Along with "The Eternal Snows" which I read yesterday, "The Moonlight Desert" is among a batch of early poems that Clark Ashton Smith (CAS) sent to his eventual mentor George Sterling. However, the poem remained unpublished in CAS' lifetime.
This poem makes me think of CAS' short story "The Black Abbot of Puthuum" which is one of my favorite pieces of fiction. Although there are no references to specific characters or events from that story in the poem, both pieces share a moonlight desert setting. One of my favorite passages from the story is:
A saffron-yellow and lopsided moon was soaring above the wall, and he knew by this that he had been absent overlong from his vigil with Cushara. All, however, seemed tranquil: the drowsing animals had not stirred; and the monastery was dark and soundless.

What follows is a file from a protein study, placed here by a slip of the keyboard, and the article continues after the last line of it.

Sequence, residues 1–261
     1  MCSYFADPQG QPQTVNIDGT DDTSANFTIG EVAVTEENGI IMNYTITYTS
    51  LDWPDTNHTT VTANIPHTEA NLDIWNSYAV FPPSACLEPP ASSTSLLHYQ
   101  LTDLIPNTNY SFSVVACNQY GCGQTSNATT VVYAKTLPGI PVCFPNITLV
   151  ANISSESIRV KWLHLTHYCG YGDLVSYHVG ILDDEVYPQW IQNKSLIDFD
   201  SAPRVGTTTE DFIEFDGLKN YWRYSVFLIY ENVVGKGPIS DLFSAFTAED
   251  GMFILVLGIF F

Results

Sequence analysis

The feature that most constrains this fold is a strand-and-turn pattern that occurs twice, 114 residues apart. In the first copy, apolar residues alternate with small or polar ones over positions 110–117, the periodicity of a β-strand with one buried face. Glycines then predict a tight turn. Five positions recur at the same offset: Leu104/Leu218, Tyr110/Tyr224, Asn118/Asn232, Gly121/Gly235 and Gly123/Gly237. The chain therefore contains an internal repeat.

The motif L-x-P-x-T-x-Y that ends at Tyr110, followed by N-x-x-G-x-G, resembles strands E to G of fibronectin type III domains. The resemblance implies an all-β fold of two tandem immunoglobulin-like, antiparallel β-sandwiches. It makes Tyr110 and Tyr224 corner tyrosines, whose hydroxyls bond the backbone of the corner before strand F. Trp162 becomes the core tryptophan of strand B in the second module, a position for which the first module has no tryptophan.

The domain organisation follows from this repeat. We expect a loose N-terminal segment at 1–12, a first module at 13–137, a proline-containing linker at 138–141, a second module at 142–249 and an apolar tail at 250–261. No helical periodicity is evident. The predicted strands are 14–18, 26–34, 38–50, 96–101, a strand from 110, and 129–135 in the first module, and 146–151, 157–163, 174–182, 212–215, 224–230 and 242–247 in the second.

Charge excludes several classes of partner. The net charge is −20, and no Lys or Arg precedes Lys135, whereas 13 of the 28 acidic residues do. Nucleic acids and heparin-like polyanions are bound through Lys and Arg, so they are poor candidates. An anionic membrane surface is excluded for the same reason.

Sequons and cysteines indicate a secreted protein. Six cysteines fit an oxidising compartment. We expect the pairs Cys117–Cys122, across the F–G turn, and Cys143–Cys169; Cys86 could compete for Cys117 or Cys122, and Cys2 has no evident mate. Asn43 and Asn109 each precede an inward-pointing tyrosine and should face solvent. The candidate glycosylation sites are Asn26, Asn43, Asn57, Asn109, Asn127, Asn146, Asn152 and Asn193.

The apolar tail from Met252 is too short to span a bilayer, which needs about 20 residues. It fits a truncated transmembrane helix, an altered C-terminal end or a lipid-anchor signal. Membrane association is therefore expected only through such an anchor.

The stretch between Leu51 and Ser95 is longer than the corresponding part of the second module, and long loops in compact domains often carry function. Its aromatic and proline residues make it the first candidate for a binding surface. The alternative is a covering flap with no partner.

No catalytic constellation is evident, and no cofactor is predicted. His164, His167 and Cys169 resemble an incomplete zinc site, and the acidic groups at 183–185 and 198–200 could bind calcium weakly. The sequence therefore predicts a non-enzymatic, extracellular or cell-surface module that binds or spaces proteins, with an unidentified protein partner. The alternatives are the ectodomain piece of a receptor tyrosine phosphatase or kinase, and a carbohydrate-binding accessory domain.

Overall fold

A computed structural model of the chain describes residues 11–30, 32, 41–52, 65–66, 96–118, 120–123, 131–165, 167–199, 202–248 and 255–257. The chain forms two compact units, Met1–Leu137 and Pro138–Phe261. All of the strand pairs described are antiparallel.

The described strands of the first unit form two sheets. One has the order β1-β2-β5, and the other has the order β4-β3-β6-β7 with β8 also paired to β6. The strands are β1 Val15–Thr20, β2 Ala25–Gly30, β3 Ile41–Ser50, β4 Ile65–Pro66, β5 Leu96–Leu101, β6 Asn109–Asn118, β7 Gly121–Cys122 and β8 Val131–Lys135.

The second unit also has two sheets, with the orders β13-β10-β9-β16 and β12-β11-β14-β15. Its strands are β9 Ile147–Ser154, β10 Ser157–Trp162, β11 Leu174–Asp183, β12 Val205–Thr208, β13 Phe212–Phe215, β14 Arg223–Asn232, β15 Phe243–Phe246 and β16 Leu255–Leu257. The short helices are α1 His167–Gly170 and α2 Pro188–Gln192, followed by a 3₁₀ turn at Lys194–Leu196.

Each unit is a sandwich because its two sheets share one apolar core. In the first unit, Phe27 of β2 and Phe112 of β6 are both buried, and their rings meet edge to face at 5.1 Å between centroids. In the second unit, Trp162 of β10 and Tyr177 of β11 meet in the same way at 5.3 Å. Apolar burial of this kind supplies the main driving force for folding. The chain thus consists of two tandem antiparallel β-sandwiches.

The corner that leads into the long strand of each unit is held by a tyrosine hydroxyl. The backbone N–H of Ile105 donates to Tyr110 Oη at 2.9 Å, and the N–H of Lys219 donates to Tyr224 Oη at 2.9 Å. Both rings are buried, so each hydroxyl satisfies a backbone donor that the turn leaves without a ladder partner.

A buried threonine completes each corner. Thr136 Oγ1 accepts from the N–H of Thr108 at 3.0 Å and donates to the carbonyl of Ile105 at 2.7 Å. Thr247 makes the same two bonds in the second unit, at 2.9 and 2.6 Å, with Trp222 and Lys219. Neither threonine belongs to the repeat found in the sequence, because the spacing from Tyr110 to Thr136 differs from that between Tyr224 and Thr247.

That emphasis on moonlight and silence in the story's desert setting creates a strong connection between the two works.
This poem ends with the description of the desert as "A dead, unutterably ancient land", and so again we have a thematic connection between these two pieces by the same author. The story was written more than two decades after the poem, but for me it suggests that CAS developed recurring imaginative landscapes that he re-visited throughout his career.